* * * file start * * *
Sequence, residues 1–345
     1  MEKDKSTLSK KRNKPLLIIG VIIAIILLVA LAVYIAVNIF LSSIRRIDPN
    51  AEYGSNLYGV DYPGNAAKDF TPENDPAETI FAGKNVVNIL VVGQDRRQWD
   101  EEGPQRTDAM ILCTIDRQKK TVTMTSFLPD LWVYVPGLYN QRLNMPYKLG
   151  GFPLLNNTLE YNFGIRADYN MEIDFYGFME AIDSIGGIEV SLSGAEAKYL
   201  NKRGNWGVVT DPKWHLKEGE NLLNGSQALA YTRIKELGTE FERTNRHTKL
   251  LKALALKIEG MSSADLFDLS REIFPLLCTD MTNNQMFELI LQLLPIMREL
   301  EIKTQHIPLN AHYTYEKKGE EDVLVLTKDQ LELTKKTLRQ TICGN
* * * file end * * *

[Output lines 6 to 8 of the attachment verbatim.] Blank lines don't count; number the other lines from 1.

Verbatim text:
   201  NKRGNWGVVT DPKWHLKEGE NLLNGSQALA YTRIKELGTE FERTNRHTKL
   251  LKALALKIEG MSSADLFDLS REIFPLLCTD MTNNQMFELI LQLLPIMREL
   301  EIKTQHIPLN AHYTYEKKGE EDVLVLTKDQ LELTKKTLRQ TICGN